From the time Nils Aylor was 11 years old his grandfather would set him on the path to a rustic log cabin that fronted F.T. Valley Road “to pick up his medicine from Doctor Crop.”
“That’s the only name I ever knew, ‘Doctor Crop.’ My grandfather would say, ‘Go see Doctor Crop and get my medicine.’ We lived right over there,” says Nils, pointing south some distance from the cabin. “He was a scruffy old man. And it was always dark in here. It was scary.
“I would knock on this door, and he knew me of course, and then he would walk over and lift up a board and pull a gallon of ’shine out of the floor.”
It didn’t take long for Nils to reach the conclusion that Dr. Crop was no ordinary doctor and his remedy wasn’t entirely medicinal. But that suited the teenager, who by then was enrolled at Rappahannock County High School, just fine.
“I would pull up here in my old ’62 Chevy, grab a bottle — underage — and my friends and I would go hike Old Rag. And let me tell you, it wouldn’t be long before I was preaching a sermon up there,” he laughs.
It is by sheer coincidence that Nils, who today owns and operates Aylor Lawn & Farm in Culpeper, has returned all these years later to the long-abandoned 19th century cabin that for him holds so many memories.
He’s been hired to help dismantle its valuable logs of chestnut — trees once plentiful in these Blue Ridge Mountains — for relocation to Criglersville in Madison County, where they will be painstakingly chinked to original form by building preservationist Timothy Robinson of Heartland Restoration.
“I’ve saved somewhere between 20 and 30 cabins in this county, and in every case it’s the stories surrounding the cabins, not the cabins themselves, that are so important. It’s the history inside of them,” the builder says.
Robinson ought to know. He has his own personal connection to the tiny log home and the aging man who lived there with his “mistress,” Lois, for so many years.
“I got many bottles here,” reveals the builder, although he didn’t know the bootlegger as Dr. Crop. “He went by several different names. I would always tap three times on the door so he knew it was me.
“He had whiskey, vodka and gin,” Robinson continues, walking over to the few surviving steps leading to the small loft. “He kept it right here under the staircase.”
Robinson remembers being at the Rappahannock County Courthouse several decades ago when the moonshiner was brought before a judge — not the first or last time the law caught up with him.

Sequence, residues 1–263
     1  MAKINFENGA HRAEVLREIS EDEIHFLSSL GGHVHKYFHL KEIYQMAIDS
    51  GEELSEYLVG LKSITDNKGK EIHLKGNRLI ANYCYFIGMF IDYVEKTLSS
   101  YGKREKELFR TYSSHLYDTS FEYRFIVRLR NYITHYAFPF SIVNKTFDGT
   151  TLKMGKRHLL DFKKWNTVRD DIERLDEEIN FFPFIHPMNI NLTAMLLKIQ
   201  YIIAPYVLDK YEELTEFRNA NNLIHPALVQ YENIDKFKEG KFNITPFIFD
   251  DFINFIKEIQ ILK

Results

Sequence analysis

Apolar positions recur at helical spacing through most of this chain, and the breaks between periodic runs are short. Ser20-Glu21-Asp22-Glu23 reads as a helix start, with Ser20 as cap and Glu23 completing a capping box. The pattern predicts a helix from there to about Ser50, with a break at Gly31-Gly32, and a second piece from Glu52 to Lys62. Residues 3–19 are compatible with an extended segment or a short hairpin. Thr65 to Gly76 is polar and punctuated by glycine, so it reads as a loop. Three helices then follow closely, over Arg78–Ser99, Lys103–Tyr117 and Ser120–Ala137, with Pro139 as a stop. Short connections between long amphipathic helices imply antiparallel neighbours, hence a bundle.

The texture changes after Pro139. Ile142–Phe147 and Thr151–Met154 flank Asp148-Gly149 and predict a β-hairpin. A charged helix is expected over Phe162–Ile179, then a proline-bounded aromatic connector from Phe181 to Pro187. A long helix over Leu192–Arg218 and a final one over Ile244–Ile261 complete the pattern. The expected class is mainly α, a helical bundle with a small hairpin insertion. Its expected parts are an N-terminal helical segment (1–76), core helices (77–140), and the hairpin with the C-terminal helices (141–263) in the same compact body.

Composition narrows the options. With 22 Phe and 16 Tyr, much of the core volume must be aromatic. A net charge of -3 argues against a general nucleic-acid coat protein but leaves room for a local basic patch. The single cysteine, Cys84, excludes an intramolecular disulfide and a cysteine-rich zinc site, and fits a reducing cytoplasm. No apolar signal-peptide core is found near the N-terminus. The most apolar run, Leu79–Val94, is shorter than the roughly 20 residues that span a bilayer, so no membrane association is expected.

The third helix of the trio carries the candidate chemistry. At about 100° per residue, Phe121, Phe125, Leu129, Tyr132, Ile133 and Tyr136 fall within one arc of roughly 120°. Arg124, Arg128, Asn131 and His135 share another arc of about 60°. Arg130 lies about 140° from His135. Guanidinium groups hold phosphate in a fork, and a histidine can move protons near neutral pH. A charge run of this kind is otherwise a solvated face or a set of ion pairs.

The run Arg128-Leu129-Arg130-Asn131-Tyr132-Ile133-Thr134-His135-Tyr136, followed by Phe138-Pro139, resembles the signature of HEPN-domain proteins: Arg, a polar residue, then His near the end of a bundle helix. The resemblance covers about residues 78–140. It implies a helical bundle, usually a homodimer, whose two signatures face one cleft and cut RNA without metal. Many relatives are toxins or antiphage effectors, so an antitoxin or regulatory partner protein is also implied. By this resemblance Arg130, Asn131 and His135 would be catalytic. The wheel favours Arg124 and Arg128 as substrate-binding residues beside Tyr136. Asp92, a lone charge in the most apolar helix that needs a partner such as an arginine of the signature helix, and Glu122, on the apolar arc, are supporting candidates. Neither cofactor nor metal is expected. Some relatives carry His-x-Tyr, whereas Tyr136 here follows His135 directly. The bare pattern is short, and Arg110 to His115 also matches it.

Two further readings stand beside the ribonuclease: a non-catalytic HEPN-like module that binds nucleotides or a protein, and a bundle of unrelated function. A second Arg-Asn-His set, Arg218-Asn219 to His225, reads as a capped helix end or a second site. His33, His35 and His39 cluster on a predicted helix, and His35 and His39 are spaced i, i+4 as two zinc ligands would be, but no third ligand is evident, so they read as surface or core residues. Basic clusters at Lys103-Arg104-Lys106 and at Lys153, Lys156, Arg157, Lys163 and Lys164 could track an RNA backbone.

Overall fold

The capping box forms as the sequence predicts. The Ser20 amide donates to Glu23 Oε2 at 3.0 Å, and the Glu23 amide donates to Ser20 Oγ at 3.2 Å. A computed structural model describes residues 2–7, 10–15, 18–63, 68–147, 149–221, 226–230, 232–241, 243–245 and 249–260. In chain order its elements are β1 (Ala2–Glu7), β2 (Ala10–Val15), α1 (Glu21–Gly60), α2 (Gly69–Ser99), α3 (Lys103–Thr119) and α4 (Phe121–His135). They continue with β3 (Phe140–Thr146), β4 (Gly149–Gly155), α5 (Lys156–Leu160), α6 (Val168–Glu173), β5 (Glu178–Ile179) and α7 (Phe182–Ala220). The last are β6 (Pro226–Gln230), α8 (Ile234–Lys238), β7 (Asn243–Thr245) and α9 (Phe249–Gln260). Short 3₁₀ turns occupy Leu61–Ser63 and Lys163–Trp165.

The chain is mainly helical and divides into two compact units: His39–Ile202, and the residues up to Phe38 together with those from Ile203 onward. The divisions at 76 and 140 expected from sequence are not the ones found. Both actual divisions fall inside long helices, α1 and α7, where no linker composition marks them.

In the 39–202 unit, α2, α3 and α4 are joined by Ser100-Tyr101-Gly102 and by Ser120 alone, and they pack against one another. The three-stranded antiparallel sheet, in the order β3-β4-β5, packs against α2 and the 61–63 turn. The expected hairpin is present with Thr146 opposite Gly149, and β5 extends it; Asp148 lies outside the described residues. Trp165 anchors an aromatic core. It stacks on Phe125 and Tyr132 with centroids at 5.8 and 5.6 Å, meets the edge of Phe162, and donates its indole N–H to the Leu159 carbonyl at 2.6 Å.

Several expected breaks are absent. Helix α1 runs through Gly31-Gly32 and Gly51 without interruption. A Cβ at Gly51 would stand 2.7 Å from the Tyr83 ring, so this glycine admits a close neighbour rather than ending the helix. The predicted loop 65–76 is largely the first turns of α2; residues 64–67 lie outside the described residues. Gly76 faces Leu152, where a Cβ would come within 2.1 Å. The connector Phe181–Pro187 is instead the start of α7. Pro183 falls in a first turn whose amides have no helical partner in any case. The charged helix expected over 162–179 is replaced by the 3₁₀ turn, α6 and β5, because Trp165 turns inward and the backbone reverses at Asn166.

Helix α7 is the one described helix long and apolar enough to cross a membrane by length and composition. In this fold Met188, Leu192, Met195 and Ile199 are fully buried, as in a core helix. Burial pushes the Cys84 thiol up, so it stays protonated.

“The judge said he was going to fine him $300 dollars,” Robinson recalls. “And he said, ‘Judge, if you do that you’re going to make me have to charge my customers more.’”
There was no shortage of customers. From all county locations — and all walks of life — men, women and even an 11-year-old child would call at all hours at the cabin, its front door barely a car’s width from the well-traveled highway. The cabin, in effect, was an early version of a drive-thru liquor store, illegal though it was.
And while they paid a bit more for the liquor, for the bootlegger’s customers a quick stop at the darkened cabin was far more convenient than driving to Culpeper, Madison or anyplace else to purchase the state-controlled bottles that, like today, aren’t sold in Rappahannock County.
“If they shut him down one day he’d reopen the next,” recalls Rappahannock County native Bill Fletcher. “He was an integral part of the community, fulfilled a community service, a community need. And he was always fair to the old timers.
“He never made a lot of money — just enough to live on,” Fletcher says. “As far as I’m concerned, Usters should be admired for what he did.”
“Usters Dodson!” Fletcher exclaims.
“He was my favorite uncle,” reflects Sperryville retiree Thaniel Dodson. “People didn’t know about his good credentials. They only knew that Uncle Usters sold whiskey at that cabin. They had no idea that he was a World War II vet, a patriot.
“He never talked much about his war experience, but he had a lot of it — he was in some big battles, especially in Germany” his nephew continues, while sorting through a circa 1910 candy box brimming with old family mementos and photographs, including one of Usters in his U.S. Army uniform.